Baby Keem has been an intangible artist up until now. Granted, he's got a breakthrough mixtape (2019’s 'DIE FOR MY BITCH') and loads of projects buried in his past, but it's been a mystery as to why he has such strong affiliation with Kendrick Lamar's new PGLang label. What started as rumours and never escaped Keem turned out to be true – he is the cousin of Lamar, and therefore adopts all the pressures that come with being related to the rapper. Keem has kept his head down – seemingly trying to evade the trappings of nepotism – but on a debut with no less than three appearances from Lamar, the newbie maintains his role as the project’s defining voice.
It’s felt from the outside that Kendrick has been helicopter-parenting Keem, lending him the resources to make some of the best production and visuals for a freshman mixtape ever. Keem acknowledges this on ‘family ties’: “I’m grateful to Man-Man [Lamar’s nickname], he opened up doors”. However, when the two collide, Keem leads the way and pushes Lamar down new avenues, so much so that it would be no surprise if Kendrick’s upcoming album took influence from The Melodic Blue’s aesthetic. Again, the situation is not lost on Keem, as he exclaims on ‘range brothers’: “The shoes I fill are huge!”.
On his debut album, Baby Keem is continuing the mission of putting himself forward as the premier name in mosh pit rap. Keem’s delivery is bellowed from the nose and wet-through with autotune, but somehow sounds vigorously direct in practice. For the easiest examples to grab, go to the trembling Aztec beat of ‘cocoa’, or the almost poly-rhythmic banger ‘Booman’.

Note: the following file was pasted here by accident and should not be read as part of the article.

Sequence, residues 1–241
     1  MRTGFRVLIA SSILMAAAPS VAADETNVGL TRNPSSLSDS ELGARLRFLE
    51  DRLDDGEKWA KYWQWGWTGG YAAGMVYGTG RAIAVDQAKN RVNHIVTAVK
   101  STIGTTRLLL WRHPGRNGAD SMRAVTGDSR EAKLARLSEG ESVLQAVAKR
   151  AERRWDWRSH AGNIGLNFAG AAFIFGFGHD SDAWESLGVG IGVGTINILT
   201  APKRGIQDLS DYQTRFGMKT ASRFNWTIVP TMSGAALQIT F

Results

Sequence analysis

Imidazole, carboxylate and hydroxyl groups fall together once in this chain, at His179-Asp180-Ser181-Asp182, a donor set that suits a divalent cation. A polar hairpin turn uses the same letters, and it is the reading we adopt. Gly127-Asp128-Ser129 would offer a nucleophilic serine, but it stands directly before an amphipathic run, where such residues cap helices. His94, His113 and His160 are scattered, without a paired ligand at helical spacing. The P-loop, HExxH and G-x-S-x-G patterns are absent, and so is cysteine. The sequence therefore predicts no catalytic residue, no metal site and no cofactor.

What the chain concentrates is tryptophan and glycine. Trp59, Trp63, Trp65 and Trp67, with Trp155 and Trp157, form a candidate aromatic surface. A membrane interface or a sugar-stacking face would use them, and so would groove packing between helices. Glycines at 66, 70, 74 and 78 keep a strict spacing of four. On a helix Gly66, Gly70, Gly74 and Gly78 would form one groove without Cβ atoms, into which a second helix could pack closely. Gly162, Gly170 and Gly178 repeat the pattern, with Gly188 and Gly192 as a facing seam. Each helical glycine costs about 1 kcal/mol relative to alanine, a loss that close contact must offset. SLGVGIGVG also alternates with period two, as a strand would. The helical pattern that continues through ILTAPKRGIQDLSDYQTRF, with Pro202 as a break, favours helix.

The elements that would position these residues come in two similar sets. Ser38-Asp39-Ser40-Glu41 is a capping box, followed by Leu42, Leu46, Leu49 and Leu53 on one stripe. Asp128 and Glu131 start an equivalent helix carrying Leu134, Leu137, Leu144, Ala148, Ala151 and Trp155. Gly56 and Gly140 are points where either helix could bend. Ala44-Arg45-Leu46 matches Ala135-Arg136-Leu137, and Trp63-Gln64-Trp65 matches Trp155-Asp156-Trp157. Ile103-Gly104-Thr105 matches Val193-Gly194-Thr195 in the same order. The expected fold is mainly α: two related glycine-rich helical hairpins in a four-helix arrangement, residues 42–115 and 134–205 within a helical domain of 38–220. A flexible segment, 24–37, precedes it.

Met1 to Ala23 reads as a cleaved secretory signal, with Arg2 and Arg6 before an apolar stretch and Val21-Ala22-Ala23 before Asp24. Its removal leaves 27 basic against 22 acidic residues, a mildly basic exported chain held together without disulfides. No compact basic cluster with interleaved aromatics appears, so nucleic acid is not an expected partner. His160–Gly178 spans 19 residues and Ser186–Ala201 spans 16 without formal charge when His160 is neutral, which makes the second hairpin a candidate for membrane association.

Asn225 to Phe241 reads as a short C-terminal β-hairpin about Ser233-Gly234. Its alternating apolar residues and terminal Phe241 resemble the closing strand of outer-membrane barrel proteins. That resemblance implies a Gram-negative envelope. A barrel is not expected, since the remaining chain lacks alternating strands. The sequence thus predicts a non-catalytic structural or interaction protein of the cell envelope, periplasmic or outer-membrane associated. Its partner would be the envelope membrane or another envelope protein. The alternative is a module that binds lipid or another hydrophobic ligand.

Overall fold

Even past the headline-grabbing event of ‘family ties’ (which marked Kendrick Lamar’s first verse since 2019), the track itself still feels colossal. The regal horns of the first beat settle the throne for King Kendrick later on, but Sire Keem still tirelessly attacks the track to put on a glorious show. Lamar, though, is everything the hype suggests. One can practically see him turning green with disgust as he's writing this verse, targeting anyone who doubted him such as the ‘overnight activists’. The hilarious ‘amazing, brother’ section is another voice in Lamar’s still-expanding library of them.
Nevertheless, Keem’s crateful of vocal styles surpasses even his cousin in numbers and variation. Equally, in the moments where he gets real, his regular inflexion is just as convincing. ‘scapegoats’ is a time-stopping interlude with white-robed background vocals and a manipulated chop of a serpentwithfeet song. Lodged in the middle of it, perhaps clashing too much with the sample vocals, Keem darts around subject matter in a tight verse, the highlight being when he neatly raps about brushing off the petty nonsense and staying focused on the long-term: “Cheap shots, let it rock, eye open, Fetty Wap”.
In stark contrast, many of his lyrical choices on the album do little to raise the roof, instead raising a multitude of questions. On every playback, “pussy tastes like tangerine” on ‘dirag activity’ still goes through me, and the amount of repetition employed in the verses leave the most thrill-seeking tracks with an awkward couple of seconds. Careful not to cringe at the entire line dedicated to “lit, lit, lit, lit” on ‘vent’, as well as the crustily dry beat cut-out on ‘cocoa’ which just repeat the very line Keem just said: “haha, you toxic”.